Because of the effects that can be achieved, benzodiazepines are mainly used in emergency medicine and in psychiatry . However, the possible areas of application are clearly limited due to the high potential for dependency and the severe respiratory depression side effects .

With regular intake from about 8 weeks, withdrawal symptoms occur when the drug is stopped. It is therefore recommended not to use benzodiazepines for longer than 4 weeks (provided that the indication is strict and the dosage is as low as possible).

An exception are the antiepileptic benzodiazepines, which often have to be taken for life. The active ingredients diazepam and lorazepam are particularly suitable as drugs of first choice for the treatment of acute epileptic seizures .

In psychiatry, benzodiazepines are primarily used in the treatment of anxiety and restlessness . They are also often used as acute medication for panic attacks .

Benzodiazepines also have a firm place in the treatment of alcohol withdrawal symptoms. Benzodiazepines can also be used in the short-term therapy of problems falling asleep and staying asleep. Due to the potential for dependency, however, other substance groups (such as antihistamines ) are increasingly preferred.

In emergency medicine, benzodiazepines are also used to induce anesthesia and as part of pain therapy (analgosedation). In selective surgeries, pre-surgery premedication is often with a benzodiazepine, such as midazolam , to relieve the patient of tension and any anxiety before the procedure.

Risks & side effects

Benzodiazepines have varying degrees of respiratory depression by dampening the respiratory center in the elongated spinal cord . Although respiratory depression is dose-dependent, life-threatening intoxications from benzodiazepines alone are rare. However , there is a significantly increased risk of fatal respiratory failure , especially in the case of mixed intoxications together with alcohol or other CNS -active preparations (e.g. opiates ) .The interaction between benzodiazepines and alcohol is referred to as a so-called cross-tolerance due to the similar effect on the GABA-A receptor. The often practiced dose increase as a response to the increased tolerance leads to increased side effects.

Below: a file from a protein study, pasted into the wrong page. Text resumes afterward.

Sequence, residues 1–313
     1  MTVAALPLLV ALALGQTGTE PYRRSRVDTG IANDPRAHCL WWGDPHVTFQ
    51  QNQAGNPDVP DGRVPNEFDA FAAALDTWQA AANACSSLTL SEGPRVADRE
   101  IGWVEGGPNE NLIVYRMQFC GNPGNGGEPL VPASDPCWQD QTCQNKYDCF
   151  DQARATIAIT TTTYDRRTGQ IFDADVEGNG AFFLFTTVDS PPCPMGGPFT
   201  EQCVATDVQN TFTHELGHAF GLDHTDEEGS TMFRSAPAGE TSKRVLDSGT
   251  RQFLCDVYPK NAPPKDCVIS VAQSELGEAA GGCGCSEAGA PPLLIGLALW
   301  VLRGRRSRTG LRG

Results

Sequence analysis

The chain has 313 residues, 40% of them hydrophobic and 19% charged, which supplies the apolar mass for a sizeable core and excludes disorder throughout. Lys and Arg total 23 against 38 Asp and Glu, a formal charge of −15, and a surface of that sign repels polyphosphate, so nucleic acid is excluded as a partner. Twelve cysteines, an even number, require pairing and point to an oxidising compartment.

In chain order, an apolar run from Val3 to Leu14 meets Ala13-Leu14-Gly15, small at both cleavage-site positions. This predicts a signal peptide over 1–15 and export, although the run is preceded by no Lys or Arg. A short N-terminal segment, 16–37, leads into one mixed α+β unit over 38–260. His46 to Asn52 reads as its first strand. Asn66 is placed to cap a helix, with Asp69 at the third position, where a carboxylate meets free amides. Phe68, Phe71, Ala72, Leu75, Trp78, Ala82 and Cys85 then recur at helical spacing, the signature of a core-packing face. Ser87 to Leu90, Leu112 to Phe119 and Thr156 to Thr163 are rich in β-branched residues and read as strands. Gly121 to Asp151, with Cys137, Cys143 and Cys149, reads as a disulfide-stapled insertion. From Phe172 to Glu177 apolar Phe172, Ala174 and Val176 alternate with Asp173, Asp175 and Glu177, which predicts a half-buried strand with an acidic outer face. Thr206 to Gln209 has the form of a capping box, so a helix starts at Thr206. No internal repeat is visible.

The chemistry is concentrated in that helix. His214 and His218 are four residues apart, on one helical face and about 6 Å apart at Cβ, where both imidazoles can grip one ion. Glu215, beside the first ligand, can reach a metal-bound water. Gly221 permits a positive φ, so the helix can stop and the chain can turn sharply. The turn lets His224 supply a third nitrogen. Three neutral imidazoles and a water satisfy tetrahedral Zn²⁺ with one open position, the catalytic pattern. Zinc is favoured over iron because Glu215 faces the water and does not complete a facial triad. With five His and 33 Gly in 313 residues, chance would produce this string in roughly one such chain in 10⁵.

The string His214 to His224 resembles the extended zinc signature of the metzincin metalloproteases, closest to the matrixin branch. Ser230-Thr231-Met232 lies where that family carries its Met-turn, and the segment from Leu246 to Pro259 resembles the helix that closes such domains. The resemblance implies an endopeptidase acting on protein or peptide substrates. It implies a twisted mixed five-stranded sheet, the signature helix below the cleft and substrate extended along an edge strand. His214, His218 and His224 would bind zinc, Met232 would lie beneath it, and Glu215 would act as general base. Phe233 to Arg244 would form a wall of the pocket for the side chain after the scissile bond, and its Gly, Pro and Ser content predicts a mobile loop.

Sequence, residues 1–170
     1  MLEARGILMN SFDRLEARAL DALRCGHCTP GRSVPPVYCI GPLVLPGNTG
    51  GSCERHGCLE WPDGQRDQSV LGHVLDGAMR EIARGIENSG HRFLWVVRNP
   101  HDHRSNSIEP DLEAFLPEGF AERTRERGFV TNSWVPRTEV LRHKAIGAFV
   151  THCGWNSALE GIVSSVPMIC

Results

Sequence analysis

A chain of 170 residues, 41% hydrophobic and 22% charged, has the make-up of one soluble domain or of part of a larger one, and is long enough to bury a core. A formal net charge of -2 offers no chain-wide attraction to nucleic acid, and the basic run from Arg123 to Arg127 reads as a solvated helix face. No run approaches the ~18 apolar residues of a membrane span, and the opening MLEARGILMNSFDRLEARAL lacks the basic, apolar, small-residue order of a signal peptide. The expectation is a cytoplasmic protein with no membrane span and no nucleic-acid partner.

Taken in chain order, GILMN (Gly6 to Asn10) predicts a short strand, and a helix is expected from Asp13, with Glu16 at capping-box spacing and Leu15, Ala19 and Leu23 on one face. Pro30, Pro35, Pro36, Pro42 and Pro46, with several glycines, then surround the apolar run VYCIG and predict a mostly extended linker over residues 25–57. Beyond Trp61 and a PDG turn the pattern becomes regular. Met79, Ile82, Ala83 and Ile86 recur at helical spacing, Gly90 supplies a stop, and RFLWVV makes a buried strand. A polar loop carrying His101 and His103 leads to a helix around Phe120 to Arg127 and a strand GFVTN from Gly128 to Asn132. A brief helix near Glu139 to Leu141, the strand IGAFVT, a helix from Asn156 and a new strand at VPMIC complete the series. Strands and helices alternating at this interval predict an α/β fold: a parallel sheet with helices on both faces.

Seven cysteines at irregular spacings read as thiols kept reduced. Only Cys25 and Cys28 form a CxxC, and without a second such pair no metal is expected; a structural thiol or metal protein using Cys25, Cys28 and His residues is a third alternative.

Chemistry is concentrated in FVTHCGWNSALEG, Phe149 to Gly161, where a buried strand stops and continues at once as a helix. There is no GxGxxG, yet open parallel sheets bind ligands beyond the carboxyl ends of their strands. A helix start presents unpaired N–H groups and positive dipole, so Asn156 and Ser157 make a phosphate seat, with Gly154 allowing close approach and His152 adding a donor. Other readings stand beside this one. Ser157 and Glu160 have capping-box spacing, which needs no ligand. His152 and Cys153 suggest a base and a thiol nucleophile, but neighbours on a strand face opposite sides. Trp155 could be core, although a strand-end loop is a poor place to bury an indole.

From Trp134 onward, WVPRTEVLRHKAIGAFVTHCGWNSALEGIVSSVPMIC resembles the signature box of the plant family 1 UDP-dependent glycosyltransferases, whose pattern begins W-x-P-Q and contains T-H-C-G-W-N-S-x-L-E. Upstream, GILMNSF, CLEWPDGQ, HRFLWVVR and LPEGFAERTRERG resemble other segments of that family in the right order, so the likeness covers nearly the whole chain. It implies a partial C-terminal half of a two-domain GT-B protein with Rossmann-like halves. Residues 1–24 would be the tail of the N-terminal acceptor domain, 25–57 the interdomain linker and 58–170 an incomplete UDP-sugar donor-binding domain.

The addictive potential of benzodiazepines is reflected in the severe physical dependence that occurs even at therapeutic doses. So it’s not surprising that benzodiazepines have the highest abuse rates in the world. Disorders of memory function , behavioral disorders , psychomotor slowdown and paradoxical effects (increase in anxiety and/or sleep disorders ) then occur under the medication.

Contraindications to taking benzodiazepines include:

  • Myasthenia gravis (disorder of the neuromuscular transmission of impulses)
  • Ataxia (impaired movement coordination)
  • angle-closure glaucoma ( glaucoma )
  • Existing addiction (also in the history)
  • Allergy to the active substance
  • Sleep apnea syndrome (pauses in breathing during sleep )
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Hello! I am Lisa Newlon, and I am a medical writer and researcher with over 10 years of experience in the healthcare industry. I have a Master’s degree in Medicine, and my deep understanding of medical terminology, practices, and procedures has made me a trusted source of information in the medical world.